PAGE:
You remember those Polaroid cameras that everyone used to have? How they’d take a picture and spit it out, and it would start off as a blank blur, but then the image would slowly appear? With a Polaroid, you can never start off knowing exactly what the picture would be; instead, it’s something that drifts into view gradually.
And finally, as the portrait comes into focus, you begin to notice all the props surrounding these people, and you begin to understand how props define us and comfort us, and show us what we value and what we need, and who we think we are.
You couldn’t have had any way of knowing what this piece of work would look like when you first started. You just knew that there was something about these people that compelled you, and you stayed with that something long enough for it to show you what it was about. (p.40)
It’s useful to bear in mind that we can work on stories even when we’re not sitting down writing them. Not in an 'Obsessing Endlessly and Agonising and Trying to Force Things to Turn Up' kind of way, more through keeping things open. Lamott carries index cards around, so she can jot down ideas. At the moment I carry a small, fat spiral notebook, which is starting to fall apart from being shoved into small handbags and scribbled in so many times. I keep eye an out for new stories, and compelling images, and solutions to problems with existing stories, and strange conversations, and random words that sound nice together. And other things too. This is a great way to prepare:
And then, unbidden, seemingly out of nowhere, a thought or image arrives. Some will float into your head like goldfish, lovely, bright orange, and weightless, and you follow them like a child looking at an aquarium that was thought to be without fish. Others will step out of the shadows like Boo Radley and make you catch your breath or take a step backward. They’re often so rich, these unbidden thoughts, and so clear that they feel indelible. But I say write them all down anyway. (p.136)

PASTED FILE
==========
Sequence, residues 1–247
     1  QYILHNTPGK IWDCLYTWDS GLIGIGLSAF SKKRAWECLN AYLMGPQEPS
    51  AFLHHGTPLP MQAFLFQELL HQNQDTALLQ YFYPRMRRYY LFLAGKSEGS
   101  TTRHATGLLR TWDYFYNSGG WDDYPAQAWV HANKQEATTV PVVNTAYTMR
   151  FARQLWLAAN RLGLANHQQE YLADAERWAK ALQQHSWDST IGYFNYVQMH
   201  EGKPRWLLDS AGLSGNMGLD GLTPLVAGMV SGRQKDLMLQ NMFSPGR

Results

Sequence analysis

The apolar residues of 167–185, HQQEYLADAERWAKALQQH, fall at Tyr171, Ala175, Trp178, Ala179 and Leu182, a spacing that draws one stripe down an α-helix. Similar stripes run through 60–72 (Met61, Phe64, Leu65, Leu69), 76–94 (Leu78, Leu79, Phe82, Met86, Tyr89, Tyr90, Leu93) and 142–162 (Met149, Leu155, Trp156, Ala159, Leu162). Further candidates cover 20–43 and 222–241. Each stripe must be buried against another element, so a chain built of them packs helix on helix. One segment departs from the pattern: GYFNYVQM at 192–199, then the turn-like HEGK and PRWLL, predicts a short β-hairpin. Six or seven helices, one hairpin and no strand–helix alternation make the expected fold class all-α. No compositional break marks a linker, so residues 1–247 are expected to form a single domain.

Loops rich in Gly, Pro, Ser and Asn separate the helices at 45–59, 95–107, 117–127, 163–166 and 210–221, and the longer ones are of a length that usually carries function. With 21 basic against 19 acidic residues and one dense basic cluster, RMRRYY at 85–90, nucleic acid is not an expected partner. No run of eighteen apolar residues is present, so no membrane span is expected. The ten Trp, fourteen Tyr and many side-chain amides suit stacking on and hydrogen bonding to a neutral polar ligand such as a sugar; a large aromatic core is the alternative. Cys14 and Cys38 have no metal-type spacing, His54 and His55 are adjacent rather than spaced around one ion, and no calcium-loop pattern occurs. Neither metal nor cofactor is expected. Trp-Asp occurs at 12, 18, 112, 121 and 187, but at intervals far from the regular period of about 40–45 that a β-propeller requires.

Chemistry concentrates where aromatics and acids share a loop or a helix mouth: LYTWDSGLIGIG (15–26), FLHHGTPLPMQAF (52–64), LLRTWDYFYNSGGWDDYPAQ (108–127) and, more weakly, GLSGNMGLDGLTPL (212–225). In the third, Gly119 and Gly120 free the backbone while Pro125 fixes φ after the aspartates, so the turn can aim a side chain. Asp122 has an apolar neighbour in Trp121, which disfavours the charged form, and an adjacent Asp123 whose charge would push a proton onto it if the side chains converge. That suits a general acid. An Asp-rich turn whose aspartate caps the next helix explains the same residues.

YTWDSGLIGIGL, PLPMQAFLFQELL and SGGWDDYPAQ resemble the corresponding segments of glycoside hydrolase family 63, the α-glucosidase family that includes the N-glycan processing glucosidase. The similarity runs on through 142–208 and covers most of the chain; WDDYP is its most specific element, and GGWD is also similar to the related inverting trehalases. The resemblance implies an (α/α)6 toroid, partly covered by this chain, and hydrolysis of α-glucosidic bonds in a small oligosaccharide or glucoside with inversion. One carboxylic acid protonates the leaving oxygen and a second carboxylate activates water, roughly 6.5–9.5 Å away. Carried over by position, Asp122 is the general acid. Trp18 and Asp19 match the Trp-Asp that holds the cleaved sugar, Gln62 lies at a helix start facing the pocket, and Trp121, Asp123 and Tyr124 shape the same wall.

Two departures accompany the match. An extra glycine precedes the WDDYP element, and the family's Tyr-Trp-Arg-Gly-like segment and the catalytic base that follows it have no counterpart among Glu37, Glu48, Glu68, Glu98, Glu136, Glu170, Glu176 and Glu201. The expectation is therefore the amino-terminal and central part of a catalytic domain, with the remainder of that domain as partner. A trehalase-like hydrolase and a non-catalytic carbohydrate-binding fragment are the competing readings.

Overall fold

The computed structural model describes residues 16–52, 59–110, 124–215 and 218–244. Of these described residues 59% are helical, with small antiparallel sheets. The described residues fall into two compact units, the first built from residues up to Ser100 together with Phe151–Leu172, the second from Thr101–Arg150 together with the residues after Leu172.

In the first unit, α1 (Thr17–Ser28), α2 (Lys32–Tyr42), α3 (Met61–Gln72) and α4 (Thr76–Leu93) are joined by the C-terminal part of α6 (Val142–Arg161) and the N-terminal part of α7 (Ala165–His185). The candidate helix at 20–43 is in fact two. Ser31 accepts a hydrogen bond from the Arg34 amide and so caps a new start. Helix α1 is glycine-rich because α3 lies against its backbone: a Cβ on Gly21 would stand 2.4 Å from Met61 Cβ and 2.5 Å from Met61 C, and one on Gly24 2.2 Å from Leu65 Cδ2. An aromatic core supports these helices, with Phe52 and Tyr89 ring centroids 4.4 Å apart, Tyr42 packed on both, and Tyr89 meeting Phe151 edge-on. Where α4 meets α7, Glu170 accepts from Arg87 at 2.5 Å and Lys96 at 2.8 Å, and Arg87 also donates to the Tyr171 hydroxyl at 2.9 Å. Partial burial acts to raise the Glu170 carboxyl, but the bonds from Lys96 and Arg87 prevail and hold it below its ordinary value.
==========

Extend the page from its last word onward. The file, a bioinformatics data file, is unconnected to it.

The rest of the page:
In a way, we are our own best subject matter. Our stories come from ourselves, from what it is to be who we are:
The greatest writers keep writing about the cold dark place within, the water under a frozen lake or the secluded, camouflaged hole. The light they shine on this hole, this pit, helps us cut away or step around the brush and brambles; then we can dance around the rim of the abyss, holler into it, measure it, throw rocks in it, and still not fall in. It can no longer swallow us up. And we can get on with things. (pp.197-198)
A great way to come up with stories is to remember. My memories are something I often completely take for granted, but rereading Bird by Bird always reminds me how sacred they are. The good ones, the brilliant ones, the ugly ones, the awkward ones. All of them. Why? Our memories define us: they draw a map of who we are and who we’ve been. And they’re also an excellent source for material. Lamott recommends mining all of them. Not all of them meaning all of them except, you know, that dark ugly stuff we don’t like thinking about much. All of them especially that dark ugly stuff we don’t like thinking about much. When stuck for material, Lamott urges us to delve into our childhoods, into the school lunches we used to eat, our families and how they compared with other people’s families, into our memories of holidays long past.
Writing is a way to make our past as alive for others as it was for us when we lived it, and it’s also a way of defeating all our old monsters, all of the stuff we try to forget. Our memories can be shaped and transformed and sung out to the world.